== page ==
Americans have quickly become the most housed people in the history of humanity. Between 1950 and 1998, while family size and time spent at home shrank, the average new house size more than doubled to 2100 sq. ft., theoretically granting us about 800 sq. ft. per capita.

What caused this disproportional growth? Was it our (now fading) enormous “reserves” of forests and mineral veins? Was it the vast “empty” spaces of the West? Was it our Yankee ingenuity, our Calvinist work ethic, the development of the chain saw and the bulldozer? Was it the Jeffersonian dream of a nation of small landowners, each with their own plantation? Was it a marketing scheme by the predecessors of Home Depot?

Maybe it was the persistent craving of an immigrant, often refugee people hoping to recreate in the material realm the village comforts they lost in their passage.

Whatever the cause, it’s here. Our homes are four times the size of the world average, with half as many people in them. While other industrialized nations spend dispensable income on entertainment and travel, our spending soars at the hardware store.

And as we look out across our nation, we see the dream of the Puritan pioneers has been mostly met: where once there were swelling rivers, dark forests and savage plains there are now acres of fences, bright siding and petroleum stations.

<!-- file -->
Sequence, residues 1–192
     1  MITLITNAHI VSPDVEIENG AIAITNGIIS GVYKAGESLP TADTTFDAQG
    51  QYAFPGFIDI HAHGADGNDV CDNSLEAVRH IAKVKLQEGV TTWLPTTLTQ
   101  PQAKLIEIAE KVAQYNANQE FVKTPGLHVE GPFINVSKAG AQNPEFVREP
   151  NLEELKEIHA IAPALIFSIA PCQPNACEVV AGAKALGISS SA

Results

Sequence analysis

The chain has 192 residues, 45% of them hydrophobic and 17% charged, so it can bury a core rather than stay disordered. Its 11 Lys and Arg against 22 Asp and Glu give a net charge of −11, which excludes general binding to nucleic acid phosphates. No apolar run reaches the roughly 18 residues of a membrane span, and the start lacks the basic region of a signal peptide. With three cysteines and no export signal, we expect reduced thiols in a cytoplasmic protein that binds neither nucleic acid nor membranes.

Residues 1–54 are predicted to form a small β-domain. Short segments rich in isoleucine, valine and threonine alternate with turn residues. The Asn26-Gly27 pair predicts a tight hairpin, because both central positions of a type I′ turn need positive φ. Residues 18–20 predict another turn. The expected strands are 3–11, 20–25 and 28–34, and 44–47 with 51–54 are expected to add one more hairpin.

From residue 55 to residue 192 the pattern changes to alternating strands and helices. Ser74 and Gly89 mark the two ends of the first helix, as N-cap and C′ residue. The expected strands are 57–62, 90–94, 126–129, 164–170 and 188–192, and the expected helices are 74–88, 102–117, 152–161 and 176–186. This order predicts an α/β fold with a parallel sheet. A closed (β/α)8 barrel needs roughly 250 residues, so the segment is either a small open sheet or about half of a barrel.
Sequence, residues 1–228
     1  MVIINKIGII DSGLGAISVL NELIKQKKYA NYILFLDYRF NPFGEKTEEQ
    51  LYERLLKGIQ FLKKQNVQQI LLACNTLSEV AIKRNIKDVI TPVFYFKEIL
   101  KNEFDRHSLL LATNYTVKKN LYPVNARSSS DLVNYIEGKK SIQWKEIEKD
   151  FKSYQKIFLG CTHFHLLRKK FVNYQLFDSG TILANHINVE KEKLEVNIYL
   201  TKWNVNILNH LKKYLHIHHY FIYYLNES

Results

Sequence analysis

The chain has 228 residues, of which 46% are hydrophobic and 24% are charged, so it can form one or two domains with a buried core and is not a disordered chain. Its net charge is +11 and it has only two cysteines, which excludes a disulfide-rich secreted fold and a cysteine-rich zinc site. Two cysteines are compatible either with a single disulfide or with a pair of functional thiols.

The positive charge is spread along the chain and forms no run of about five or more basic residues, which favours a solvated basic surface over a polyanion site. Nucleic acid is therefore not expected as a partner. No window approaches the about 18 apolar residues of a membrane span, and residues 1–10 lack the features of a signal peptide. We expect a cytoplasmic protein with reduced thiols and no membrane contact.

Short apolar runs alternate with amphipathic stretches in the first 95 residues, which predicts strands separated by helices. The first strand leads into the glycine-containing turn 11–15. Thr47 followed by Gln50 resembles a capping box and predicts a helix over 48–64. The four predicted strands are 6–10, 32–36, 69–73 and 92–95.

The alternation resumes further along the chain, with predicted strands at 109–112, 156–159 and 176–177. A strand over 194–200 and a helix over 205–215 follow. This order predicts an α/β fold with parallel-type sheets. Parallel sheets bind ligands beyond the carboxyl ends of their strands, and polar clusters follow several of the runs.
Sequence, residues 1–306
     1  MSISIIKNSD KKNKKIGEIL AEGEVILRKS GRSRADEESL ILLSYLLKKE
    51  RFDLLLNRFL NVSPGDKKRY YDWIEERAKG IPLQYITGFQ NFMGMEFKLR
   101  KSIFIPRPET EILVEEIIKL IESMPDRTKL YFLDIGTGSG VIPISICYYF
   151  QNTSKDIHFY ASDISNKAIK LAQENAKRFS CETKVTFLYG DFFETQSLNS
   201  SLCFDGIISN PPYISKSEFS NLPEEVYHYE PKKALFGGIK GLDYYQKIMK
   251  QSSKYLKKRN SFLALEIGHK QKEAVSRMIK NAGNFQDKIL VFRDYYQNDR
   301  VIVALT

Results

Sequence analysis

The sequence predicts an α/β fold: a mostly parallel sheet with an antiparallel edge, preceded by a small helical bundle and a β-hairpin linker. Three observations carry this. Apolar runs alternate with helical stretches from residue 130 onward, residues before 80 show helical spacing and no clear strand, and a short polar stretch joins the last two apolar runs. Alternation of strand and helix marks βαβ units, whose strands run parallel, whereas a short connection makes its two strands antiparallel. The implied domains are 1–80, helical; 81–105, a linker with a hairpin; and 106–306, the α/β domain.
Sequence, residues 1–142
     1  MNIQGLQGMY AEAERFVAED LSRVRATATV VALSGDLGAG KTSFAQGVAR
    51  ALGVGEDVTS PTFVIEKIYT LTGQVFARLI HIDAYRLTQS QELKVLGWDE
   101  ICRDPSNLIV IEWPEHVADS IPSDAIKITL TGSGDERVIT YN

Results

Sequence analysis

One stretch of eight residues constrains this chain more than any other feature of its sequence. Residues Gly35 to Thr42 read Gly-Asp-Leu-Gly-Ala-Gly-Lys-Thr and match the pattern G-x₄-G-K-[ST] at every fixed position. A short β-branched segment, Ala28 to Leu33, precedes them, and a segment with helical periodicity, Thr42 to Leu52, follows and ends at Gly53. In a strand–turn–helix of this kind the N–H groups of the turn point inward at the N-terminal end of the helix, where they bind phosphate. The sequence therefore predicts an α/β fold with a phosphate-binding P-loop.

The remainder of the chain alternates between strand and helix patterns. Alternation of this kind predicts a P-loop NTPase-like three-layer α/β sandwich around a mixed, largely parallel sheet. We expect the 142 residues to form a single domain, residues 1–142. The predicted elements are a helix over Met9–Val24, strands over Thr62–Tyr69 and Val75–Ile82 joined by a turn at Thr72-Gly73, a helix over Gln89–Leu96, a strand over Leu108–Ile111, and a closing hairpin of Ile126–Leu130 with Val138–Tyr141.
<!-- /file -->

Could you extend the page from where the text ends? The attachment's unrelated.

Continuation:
What is a natural builder to do?

The first thing to consider: Don’t build at all. If you have chosen natural building as a way to conserve our resources, the most effective thing you can do is nothing. Realize that you live in an era where your material world has been provided for you. If you are a Christian, realize that you live in a state of Grace. Or consider the Buddhist suggestion to stop doing and start being.

However you explain it, we’re lucky. Thanks to the generosity of Nature and the hard work of our predecessors, there is plenty of area under roof, for all of us. If we can learn to live as we did in 1952, with about 360 sq. ft. per person, we won’t have to build another thing until our population doubles again.

What does this mean practically? It means taking advantage of the existing housing and recreating it to fit your dream of the future. It might mean sharing a too-big house with friends, your parents, or grown children. Our culture of freedom has not taught us how to live with other people. It’s time to learn. It is usually easier to design and build a new building than to work with what is there, but every new building means less habitat for other species. Choose to walk the extra mile.

What does the natural builder do when a dream client calls — a moneyed couple who want to build a 5000 sq. ft. “showcase” of natural-building techniques? The temptation is great. Ask yourself why you’ve chosen natural building. Is it because mud and logs are prettier than steel and concrete? Then you might take the job. But if it is because you are committed to sustainable resource use, you might inform them that the single most important criteria in making a house efficient and reducing its embodied energy is its size. Perhaps you’ll succeed in reducing the floor plan a bit. Find out how many miles of new road will have to be cut to deliver all the comforts of the city to the new site. Remember that some of the roads built to bring hippies “back to the land” in the seventies served nicely two decades later to bring earthmovers that built the golf courses in gated communities.